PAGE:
During your income-earning years, maximize your retirement plan contributions to build your nest egg and retirement savings:
A 401(k) plan is a retirement savings plan sponsored by your employer, which allows you to save and invest part of your paycheck before taxes are taken out. Many employers offer an employer match, usually ranging dollar for dollar anywhere from 2-5% of your salary deferral (depending on the plan). If you elect not to participate, you essentially leave money on the table.
IRAs (Individual Retirement Accounts) are a way to save for retirement. Traditional IRAs are funded with pre-tax contributions and grow tax-deferred until you reach age 70 1/2, when the IRS requires you to begin distributing the assets. When you retire and draw on the funds, the money is taxable as ordinary income.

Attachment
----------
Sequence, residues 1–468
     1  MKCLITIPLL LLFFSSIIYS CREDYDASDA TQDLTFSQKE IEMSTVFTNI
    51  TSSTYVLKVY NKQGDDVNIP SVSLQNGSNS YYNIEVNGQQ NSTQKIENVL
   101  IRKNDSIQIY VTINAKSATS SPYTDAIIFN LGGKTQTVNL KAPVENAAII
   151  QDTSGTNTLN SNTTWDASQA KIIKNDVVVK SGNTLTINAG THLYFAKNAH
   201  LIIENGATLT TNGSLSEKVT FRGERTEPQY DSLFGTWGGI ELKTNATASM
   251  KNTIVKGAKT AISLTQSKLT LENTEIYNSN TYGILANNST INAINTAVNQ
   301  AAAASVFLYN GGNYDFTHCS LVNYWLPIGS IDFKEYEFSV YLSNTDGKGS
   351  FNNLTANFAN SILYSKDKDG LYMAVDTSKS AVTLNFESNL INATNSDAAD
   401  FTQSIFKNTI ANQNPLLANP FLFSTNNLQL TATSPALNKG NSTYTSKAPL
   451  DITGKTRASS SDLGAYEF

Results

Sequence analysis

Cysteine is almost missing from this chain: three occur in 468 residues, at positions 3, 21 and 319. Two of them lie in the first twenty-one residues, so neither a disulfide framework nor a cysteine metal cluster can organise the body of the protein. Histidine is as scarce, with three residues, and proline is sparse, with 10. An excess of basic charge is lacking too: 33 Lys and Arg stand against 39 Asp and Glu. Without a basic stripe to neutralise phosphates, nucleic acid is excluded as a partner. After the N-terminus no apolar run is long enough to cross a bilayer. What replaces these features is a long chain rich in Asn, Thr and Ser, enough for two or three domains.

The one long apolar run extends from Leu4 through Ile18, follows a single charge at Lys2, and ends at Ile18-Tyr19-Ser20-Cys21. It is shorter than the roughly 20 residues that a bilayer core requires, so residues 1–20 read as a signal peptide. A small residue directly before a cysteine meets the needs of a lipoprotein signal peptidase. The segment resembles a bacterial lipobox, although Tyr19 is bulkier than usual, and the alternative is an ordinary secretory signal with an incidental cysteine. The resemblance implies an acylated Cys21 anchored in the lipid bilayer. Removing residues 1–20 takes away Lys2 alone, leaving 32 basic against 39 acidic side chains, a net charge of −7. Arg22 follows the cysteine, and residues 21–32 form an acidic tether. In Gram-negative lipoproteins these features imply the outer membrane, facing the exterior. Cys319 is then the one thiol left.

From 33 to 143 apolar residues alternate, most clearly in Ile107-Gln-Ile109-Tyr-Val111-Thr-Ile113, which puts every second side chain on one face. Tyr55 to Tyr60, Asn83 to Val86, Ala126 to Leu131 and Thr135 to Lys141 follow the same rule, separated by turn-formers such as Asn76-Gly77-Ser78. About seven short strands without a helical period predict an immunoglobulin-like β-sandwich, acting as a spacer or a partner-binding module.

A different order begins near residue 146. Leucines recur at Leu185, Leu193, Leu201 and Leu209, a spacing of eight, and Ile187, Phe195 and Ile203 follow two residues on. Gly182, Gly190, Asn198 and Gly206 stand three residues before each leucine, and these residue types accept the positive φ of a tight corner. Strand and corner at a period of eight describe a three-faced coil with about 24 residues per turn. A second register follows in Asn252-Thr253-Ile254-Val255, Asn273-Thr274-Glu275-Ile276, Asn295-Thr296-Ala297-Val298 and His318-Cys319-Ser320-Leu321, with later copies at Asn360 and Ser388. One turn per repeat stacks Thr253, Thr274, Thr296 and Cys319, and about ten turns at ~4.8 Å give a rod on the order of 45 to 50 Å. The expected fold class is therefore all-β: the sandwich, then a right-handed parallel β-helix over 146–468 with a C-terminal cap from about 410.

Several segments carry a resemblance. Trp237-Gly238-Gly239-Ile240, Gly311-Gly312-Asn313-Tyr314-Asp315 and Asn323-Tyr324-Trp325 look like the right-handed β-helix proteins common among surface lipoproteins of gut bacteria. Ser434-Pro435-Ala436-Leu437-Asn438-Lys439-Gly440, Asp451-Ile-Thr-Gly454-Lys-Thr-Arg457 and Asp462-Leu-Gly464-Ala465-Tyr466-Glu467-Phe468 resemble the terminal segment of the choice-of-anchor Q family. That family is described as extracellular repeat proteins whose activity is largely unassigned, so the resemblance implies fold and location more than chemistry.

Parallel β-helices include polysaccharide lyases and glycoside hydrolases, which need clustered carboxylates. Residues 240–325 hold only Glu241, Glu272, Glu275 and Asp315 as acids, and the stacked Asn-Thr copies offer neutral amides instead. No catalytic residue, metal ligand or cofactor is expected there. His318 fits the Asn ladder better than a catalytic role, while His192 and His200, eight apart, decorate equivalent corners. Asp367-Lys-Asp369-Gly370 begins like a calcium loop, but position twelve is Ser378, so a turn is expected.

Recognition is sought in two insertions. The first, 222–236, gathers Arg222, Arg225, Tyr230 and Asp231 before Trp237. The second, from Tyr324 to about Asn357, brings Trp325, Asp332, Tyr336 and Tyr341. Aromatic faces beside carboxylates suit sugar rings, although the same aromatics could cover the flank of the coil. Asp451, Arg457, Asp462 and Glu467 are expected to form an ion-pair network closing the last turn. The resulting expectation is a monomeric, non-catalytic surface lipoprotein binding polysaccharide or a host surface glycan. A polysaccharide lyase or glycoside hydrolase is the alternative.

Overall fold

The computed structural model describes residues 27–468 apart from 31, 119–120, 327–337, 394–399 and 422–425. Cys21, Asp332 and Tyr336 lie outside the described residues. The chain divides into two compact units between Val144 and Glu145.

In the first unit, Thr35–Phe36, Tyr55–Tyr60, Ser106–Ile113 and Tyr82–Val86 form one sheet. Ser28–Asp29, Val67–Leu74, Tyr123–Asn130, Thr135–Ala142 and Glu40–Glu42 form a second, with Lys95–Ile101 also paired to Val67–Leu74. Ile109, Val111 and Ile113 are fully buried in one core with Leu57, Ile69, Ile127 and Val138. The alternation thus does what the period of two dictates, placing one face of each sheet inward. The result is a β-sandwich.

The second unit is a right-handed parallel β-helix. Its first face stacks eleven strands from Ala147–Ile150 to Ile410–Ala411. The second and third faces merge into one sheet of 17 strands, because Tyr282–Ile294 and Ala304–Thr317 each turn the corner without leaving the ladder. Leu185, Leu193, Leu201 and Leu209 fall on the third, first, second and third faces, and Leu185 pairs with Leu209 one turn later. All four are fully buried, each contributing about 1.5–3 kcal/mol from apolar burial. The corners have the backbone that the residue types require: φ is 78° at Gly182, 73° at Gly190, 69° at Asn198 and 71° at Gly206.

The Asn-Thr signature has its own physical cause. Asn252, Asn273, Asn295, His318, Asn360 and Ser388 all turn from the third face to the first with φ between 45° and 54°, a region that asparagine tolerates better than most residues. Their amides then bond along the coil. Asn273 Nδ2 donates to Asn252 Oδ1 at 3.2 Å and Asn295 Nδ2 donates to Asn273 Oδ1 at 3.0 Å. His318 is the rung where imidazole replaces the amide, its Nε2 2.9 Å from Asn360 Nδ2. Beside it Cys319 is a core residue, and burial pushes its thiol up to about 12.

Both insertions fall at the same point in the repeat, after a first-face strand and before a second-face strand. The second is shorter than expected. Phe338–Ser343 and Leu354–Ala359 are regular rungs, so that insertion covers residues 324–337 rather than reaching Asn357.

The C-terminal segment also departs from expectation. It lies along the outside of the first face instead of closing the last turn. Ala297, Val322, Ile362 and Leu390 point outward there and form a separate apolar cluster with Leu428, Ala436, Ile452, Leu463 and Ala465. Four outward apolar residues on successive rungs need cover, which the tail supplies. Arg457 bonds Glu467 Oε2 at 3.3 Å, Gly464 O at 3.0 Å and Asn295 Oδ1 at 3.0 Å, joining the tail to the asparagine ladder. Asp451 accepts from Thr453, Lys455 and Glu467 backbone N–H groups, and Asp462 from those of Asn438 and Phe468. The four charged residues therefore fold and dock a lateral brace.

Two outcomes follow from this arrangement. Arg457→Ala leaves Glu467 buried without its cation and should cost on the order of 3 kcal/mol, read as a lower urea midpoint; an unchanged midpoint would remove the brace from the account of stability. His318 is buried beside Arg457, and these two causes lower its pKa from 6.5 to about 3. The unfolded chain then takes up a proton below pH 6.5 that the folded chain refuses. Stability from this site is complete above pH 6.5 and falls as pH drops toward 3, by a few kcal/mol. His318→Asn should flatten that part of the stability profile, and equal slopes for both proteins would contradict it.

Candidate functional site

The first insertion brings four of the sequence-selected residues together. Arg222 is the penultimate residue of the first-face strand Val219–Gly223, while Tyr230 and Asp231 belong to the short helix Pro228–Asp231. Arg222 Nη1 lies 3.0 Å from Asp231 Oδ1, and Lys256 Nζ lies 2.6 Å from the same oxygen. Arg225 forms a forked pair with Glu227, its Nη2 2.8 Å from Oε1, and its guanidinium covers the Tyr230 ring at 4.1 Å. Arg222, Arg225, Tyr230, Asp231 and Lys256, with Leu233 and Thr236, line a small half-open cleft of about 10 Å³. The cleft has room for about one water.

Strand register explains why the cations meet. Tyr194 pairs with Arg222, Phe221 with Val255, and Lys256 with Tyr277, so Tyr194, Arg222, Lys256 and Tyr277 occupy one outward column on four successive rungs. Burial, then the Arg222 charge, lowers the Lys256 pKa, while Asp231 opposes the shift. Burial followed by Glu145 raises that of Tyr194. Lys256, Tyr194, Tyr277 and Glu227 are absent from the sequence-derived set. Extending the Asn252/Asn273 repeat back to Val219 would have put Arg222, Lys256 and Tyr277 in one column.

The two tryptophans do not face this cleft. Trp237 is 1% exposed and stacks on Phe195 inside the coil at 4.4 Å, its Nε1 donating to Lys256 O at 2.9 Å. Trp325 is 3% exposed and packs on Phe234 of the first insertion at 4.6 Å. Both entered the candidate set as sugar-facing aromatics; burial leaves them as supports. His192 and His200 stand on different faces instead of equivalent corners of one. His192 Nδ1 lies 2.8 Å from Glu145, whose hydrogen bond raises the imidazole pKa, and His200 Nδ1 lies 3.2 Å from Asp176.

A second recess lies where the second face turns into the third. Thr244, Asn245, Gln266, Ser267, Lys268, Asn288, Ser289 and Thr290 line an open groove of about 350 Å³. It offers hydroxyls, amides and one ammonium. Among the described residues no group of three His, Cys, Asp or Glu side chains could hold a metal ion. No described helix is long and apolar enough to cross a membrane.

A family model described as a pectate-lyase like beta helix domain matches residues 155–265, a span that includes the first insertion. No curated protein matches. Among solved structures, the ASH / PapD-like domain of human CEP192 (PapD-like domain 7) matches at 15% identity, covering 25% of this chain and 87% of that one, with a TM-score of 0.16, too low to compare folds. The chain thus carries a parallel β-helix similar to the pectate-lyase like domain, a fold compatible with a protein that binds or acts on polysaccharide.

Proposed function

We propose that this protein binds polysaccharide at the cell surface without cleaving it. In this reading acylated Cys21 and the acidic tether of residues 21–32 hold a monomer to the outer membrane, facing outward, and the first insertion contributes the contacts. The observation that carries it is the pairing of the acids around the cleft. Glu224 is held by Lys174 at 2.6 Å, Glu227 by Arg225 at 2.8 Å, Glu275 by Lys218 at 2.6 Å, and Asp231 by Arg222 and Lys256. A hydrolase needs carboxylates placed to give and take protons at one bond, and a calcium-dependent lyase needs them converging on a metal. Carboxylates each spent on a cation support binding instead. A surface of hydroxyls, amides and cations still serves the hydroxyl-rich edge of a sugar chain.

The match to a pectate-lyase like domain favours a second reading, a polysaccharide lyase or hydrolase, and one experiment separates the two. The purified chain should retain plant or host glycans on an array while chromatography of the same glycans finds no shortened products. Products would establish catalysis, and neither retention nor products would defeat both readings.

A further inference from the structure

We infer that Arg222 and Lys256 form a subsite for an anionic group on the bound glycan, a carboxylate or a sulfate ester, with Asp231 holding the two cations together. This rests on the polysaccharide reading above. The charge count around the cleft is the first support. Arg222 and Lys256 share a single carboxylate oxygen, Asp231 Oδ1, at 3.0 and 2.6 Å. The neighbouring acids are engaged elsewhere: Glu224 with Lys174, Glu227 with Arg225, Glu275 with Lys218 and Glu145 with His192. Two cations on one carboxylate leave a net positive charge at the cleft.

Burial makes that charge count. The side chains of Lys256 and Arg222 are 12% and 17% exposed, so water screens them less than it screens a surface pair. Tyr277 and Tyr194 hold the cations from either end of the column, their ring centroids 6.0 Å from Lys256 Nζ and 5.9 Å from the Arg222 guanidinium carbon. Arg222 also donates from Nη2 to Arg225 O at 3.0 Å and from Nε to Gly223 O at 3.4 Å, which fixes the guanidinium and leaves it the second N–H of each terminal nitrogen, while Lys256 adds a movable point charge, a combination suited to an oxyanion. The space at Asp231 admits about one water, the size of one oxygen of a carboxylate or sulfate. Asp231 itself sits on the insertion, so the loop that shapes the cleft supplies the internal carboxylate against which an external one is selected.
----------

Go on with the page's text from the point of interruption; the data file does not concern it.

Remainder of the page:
Roth accounts are funded with after-tax contributions and act like special savings accounts. Unlike 401(k) plans and traditional IRAs, there are no required distributions from Roth IRAs, and any distributions after age 59 1/2 or a minimum of 5 years are 100% tax-free.
Regularly contributing to your retirement accounts is a great way to grow your investments for retirement. The more you contribute, the more your assets can compound over time and you should strongly consider maxing out your contributions, especially if they are eligible for an employer match.
Learn more about IRA vs 401(k) and the difference between a Traditional IRA and a Roth IRA. A financial planner can help you navigate these different plans and identify the right strategy for your income-earning years. Next, we’ll look at non-retirement investing options.